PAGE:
The occupation creates a topsy-turvy system where settlers have the power to invert legal hierarchies. Religious zealots commit violence, dispossess innocents and subvert the democratic state since they, not the state, exercise authority.

Palestinians, on the other hand, are not just thrust into a separate legal system administered by the IDF. This system places Palestinians into a juridical labyrinth that reinforces subservience not simply through punishment but also via procedural dysphoria.


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The Holocaust, Israel, and Trump’s Jewish Myopia

Feb6

by: Matt Sienkiewicz on February 6th, 2017 | 1 Comment »

Sean Spicer standing behind a White House podium.

White House Press Secretary Sean Spicer

After a weekend of controversy, White House Press Secretary Sean Spicer was no doubt well-prepared on Monday to explain why the President had removed any mention of anti-Semitism in his statement on Holocaust Remembrance Day. Spicer began by reiterating the counter-intuitive notion that by ignoring the near annihilation of European Jewry, President Trump’s team, likely lead by Steve Bannon, was somehow being inclusive. The logic behind this idea is impenetrable, unless one assumes that Presidential statements have 140 character limits, making it impossible to affirm the centrality of anti-Semitism to the Nazi worldview while also acknowledging the broad range of people targeted by their hate. Just as bad, however, was Spicer’s pivot. American Jews, he suggested, have no right to be offended by the Holocaust statement for a simple, single, and seemingly unrelated reason: Israel.

Trump, Spicer articulated, is a perfect friend to both Israeli Prime Minister Benjamin Netanyahu and the state he represents. That being the (much debatable) case, how could Jews possibly interpret anti-Semitism in anything Trump does? Aren’t Jews and Israelis always of the same mind? The answer, of course, is that not all Jewish people care singularly, or even primarily, about Israel. Furthermore, there’s plenty of room in contemporary white nationalism, with its fundamental commitment to racial separation, to support a nation way over yonder in which Jews wear their funny hats, eat their funny food, and mind their own business. And if this all comes at the expense of a bunch of Muslims, well, even better. It’s an ugly, unfair view of Israel, but it’s one that the alt-right can easily get behind.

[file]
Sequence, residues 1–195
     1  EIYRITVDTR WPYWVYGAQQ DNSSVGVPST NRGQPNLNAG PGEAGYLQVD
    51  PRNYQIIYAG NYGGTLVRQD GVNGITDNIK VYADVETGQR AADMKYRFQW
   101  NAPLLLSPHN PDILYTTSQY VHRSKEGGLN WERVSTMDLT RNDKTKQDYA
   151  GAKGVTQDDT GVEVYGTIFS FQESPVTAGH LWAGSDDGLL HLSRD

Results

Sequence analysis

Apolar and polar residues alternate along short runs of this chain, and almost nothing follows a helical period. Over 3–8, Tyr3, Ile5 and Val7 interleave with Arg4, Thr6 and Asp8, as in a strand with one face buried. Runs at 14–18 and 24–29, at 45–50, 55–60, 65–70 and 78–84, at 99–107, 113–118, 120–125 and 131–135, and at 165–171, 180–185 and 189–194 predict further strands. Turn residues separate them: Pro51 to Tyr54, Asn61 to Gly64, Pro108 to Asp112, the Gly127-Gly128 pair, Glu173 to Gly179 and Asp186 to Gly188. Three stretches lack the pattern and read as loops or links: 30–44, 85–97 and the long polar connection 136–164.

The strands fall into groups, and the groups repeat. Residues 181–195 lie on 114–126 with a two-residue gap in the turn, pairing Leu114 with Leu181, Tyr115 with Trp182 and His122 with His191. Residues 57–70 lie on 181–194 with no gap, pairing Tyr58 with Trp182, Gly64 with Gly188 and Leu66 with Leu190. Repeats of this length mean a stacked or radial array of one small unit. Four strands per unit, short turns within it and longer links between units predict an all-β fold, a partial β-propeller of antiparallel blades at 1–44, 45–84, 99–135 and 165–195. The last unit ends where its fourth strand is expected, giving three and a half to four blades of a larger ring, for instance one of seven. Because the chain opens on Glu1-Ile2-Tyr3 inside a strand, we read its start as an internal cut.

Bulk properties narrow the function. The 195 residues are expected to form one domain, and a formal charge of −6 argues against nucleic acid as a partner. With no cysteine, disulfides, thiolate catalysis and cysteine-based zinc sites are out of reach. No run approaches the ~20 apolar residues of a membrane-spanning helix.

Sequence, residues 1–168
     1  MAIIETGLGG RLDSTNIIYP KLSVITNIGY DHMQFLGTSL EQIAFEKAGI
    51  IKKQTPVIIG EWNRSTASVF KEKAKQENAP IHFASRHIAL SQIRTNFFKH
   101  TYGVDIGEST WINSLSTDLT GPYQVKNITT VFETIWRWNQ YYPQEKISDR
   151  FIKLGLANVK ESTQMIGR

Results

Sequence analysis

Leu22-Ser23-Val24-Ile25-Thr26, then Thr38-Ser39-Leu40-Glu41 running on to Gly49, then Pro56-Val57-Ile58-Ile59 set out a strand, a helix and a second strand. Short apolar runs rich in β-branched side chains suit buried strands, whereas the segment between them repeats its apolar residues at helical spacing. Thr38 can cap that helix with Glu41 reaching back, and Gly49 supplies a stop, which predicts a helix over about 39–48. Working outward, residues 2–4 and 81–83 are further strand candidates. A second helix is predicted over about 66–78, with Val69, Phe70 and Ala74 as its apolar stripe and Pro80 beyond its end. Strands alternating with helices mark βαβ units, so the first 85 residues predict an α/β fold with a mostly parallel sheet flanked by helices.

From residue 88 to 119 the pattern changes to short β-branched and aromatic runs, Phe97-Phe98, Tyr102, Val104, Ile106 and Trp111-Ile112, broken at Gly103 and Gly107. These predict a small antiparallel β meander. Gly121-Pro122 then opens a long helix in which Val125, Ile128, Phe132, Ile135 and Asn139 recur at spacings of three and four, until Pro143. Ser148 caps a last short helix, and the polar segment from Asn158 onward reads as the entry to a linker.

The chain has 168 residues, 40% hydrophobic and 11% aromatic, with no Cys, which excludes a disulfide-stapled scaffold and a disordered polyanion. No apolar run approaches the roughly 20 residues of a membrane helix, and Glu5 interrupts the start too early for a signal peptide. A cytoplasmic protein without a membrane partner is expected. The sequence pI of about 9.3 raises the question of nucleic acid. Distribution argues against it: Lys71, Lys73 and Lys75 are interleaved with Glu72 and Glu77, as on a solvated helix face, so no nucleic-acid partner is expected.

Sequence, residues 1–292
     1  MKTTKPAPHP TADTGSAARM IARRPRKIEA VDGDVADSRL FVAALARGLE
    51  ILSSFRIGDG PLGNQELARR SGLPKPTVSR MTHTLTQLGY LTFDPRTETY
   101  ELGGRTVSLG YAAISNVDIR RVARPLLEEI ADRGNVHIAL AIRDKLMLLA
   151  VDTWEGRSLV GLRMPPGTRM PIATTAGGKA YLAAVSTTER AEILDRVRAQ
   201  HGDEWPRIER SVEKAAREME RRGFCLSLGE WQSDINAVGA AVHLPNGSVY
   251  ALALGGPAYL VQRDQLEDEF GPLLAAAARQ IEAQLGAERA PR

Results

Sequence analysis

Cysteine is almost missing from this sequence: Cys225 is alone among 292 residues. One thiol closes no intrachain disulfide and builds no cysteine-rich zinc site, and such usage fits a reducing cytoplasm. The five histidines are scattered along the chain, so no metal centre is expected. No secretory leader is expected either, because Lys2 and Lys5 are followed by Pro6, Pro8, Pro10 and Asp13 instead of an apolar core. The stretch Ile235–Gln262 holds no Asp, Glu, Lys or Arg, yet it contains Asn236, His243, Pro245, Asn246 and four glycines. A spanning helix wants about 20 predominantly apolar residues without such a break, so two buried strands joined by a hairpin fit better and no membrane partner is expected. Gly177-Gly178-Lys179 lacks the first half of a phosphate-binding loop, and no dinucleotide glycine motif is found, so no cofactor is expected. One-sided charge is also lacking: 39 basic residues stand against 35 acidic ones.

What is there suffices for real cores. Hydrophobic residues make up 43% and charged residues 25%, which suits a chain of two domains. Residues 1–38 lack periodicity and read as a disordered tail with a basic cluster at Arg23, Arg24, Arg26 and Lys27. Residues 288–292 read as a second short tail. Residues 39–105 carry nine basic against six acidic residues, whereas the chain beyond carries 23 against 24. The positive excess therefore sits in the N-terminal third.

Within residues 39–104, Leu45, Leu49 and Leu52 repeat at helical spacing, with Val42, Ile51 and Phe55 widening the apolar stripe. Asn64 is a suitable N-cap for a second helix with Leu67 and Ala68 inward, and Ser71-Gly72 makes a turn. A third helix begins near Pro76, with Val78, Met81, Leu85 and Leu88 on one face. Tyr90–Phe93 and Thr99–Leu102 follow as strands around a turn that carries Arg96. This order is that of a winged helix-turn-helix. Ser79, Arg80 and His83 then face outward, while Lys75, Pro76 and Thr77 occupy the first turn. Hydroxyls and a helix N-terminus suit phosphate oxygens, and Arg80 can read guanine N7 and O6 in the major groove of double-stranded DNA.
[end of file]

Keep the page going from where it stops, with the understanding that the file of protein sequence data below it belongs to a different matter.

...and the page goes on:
Trump’s team, via Spicer, was offering American Jews a deal: Give up that part of your identity that’s so concerned with the Holocaust and accept one in which Israeli strength, just or unjust, defines what it means to be who you are. Some Jews, of course, tend to agree. Perhaps, they argue, Jewish fascination with victimization is past its expiration date. This would be true, were it not for the obvious fact that many Jews in America and beyond understand the Holocaust not merely as a defining trauma, but also as a call to action. Holocaust remembrance motivates Jews to care about the long-term security of the Jewish people, certainly. It also, however, causes Jews throughout the world to identify Jewishness with the ability to look beyond their own tribe and towards mankind. It convinces millions of Jews to donate to Jewish charities that offer their services to all in need, regardless of religion. It makes Senator Chuck Schumer, a man whose great-grandmother was murdered for being Jewish, cry when he thinks about Iraqi refugees being turned away at JFK. It helps Jews understand that a strong identity need not preclude a commitment to mankind.

The people who prepped Spicer’s response are not terribly interested in mankind or, for that matter, Jews. Sure, they can find a way to make use of them. If the Jewish people can be reduced to an ethnic clan locked in a bitter, eternal struggle with Arabs and Islam, then they fit right in. If their commitment to Israel’s Jewishness makes claims of America’s Christian Soul more plausible, that’s great. If their need to understand and accept Israeli security measures makes building a Mexican border wall appear more morally palatable then, by all means, be as Jewish as you want. But if being Jewish means looking back at events such as the Holocaust and using them as inspiration to protest the wall, fight the ban, and #resist, then they’d just as soon see that line deleted.

In a multicultural democracy, minority groups make compromises. It’s simple math. Politicians, seeking their majorities, never take the time to really understand what makes a subculture tick. Filmmakers and TV producers, aiming for a wider audience, boil their representations down, simplifying the complexity of minority life and, at times, drifting into stereotypes. This reality is unfortunate, but if it comes with a sense of progress towards respect and security, the price may be worth paying.

Bannon, Trump, et al., however, are asking for far too much and giving far too little in return. By deleting Auschwitz and offering Israeli settlements, they are asking Jews to give up the messy history and psychology that is so central to contemporary Jewish identity. Particularly in America, Jews often live in a state of constant contradiction, striving to be both tribal and universal, feeling both empowered and in a state of potential victimhood. In exchange for this difficult but very meaningful struggle, the President is asking Jews to embrace a static, one note, identity-based ethno-religious fervor for Israel. It’s a bad, bad deal. I hope we turn them down.